Thursday, August 4, 2011

Overtime and All Nighters

Mid-1990s: The Gold Master Disk had to be in Ireland by the following afternoon, if we were to ship on time.


This required us to work all night; I got home in time to see the sunrise, and was expected back at work after lunch.


I was there because each new build required a new setup - and I was Mr. Setups - in those pre-internet days when CDs were a novelty and all programs were installed.



We made it! The Gold Master Disk was shipped, thousands of copies were made, put in boxes with a huge manual, and shipped back to us.

By the time they had arrived, we had discovered some serious bugs and the entire shipment was declared unfit for use. When the company closed down a few years later, we finally threw the entire batch into the dumpster.



That was my first introduction to all-nighters, and the more I lived through them and watched the results of all-nighters and overtime in general, the more I am against them.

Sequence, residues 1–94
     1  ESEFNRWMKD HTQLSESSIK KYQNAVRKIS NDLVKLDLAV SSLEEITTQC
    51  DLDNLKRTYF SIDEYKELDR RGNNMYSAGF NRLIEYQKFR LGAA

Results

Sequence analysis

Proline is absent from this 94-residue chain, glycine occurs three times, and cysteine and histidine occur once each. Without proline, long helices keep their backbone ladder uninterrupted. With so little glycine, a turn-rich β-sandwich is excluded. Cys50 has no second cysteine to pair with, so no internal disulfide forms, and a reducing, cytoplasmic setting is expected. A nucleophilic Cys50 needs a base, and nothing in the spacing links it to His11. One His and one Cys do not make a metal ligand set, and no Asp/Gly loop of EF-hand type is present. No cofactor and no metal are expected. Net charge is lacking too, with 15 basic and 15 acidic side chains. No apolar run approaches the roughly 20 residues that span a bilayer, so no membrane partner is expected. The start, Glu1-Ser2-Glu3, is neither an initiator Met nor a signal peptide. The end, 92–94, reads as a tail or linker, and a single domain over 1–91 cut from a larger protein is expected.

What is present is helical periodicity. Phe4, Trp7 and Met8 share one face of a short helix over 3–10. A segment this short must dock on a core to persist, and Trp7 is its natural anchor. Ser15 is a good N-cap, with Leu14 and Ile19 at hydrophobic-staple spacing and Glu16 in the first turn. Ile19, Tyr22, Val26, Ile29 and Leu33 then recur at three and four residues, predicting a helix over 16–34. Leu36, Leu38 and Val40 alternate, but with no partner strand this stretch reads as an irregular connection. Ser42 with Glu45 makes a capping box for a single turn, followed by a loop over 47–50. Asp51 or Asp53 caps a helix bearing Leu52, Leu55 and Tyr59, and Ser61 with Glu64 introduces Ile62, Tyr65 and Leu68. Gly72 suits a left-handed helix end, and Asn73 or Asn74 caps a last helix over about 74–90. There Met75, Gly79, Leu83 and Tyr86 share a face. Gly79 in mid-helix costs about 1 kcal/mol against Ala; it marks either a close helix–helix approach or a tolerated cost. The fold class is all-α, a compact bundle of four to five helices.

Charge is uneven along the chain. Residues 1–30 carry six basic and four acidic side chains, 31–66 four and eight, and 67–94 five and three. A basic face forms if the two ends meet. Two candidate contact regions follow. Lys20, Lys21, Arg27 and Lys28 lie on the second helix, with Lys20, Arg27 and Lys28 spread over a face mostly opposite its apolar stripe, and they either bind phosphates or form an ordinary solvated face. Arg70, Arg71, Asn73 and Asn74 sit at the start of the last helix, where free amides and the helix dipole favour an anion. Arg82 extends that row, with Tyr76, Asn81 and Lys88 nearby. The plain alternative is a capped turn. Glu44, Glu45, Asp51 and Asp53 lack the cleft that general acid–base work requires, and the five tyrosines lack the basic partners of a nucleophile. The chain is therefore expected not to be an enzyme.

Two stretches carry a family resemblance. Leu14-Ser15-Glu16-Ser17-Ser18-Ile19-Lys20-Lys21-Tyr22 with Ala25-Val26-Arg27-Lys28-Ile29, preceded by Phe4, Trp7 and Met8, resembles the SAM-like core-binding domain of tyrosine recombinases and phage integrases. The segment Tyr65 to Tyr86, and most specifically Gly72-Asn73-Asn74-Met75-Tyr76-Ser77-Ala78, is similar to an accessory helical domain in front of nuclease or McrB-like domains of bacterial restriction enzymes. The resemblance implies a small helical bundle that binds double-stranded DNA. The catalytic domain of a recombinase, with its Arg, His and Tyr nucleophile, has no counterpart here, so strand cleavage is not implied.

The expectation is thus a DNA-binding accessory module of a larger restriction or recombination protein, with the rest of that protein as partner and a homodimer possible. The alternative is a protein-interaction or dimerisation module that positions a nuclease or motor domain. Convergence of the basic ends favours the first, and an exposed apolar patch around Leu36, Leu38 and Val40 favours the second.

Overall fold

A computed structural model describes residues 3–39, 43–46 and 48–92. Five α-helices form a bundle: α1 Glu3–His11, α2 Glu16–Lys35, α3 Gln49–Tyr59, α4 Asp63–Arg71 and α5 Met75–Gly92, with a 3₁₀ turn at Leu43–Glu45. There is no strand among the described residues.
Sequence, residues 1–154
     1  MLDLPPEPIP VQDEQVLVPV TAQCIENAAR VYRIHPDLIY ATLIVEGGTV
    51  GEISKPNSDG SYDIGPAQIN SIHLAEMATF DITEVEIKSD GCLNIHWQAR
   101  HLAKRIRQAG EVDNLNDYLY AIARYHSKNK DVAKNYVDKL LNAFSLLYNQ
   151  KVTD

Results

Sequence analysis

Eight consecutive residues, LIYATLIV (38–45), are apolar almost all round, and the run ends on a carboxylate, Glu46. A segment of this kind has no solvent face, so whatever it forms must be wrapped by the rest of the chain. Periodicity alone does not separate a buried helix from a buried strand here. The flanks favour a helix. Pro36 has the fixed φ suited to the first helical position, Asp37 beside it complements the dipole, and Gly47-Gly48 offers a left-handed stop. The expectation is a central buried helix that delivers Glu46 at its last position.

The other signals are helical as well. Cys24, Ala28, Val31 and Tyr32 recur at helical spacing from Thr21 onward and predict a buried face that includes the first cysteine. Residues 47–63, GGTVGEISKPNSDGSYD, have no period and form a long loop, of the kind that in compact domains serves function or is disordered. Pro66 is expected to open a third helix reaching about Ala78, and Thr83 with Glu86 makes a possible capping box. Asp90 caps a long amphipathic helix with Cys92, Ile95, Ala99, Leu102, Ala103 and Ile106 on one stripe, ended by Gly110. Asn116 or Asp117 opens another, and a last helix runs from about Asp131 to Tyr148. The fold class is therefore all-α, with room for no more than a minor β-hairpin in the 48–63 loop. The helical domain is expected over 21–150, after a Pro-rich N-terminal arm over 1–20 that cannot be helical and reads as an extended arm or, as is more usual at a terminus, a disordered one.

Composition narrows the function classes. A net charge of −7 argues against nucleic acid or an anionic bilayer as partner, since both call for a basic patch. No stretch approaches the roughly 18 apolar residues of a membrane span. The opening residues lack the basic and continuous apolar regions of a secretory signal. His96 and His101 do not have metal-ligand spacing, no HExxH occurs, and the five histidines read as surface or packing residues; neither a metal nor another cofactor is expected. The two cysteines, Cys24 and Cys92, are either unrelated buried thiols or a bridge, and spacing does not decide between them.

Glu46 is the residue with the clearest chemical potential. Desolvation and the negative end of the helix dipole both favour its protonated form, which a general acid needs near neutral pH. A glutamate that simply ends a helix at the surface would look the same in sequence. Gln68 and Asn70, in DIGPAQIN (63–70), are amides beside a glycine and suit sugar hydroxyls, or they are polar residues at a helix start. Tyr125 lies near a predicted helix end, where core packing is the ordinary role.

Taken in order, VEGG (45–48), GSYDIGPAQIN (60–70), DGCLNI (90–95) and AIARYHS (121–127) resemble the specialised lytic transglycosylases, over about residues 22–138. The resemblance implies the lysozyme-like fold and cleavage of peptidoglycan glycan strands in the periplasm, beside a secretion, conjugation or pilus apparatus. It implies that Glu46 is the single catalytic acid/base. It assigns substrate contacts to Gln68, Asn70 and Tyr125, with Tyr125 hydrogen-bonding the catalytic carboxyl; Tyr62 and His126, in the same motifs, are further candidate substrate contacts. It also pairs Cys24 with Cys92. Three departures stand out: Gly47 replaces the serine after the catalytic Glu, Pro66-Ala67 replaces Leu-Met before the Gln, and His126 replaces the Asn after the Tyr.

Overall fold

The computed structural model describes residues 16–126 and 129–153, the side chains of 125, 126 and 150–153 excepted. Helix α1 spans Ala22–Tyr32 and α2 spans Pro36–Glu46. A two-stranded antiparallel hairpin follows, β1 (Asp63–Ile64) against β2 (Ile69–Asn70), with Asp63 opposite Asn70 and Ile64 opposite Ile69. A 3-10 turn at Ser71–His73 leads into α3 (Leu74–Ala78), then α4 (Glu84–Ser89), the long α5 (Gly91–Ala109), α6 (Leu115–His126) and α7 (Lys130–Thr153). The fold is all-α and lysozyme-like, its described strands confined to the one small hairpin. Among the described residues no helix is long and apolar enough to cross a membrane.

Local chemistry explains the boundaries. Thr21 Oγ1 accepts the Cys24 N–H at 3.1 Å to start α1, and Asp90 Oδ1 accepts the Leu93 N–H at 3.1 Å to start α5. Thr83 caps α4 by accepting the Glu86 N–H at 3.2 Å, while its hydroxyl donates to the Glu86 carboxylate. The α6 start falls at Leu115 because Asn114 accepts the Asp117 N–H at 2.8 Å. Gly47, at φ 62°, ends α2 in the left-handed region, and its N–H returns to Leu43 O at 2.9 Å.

After 10 - 12 hours of work, most - if not all - people start being too tired to think straight.


If you cannot think straight then you are a menace on the road and a useless engineer, tester or writer. You - and the project - are better off if you would go get some sleep and restart early in the morning with a clear head.


There will occasionally be that rare emergency that really warrants serious overtime.


When Answers.com - then still gurunet.com - was almost ready to launch, Walt Mossberg informed them - on very short notice - that he was going to write about it them the Wall Street Journal on a specific day. The team did an all nighter to be ready for their premature launch.


But as a general rule, chances are that you are wasting time working too hard. Some advance planning and professional Project Management would be a better idea.


Work smarter, not harder and longer.

- Danny Schoemann

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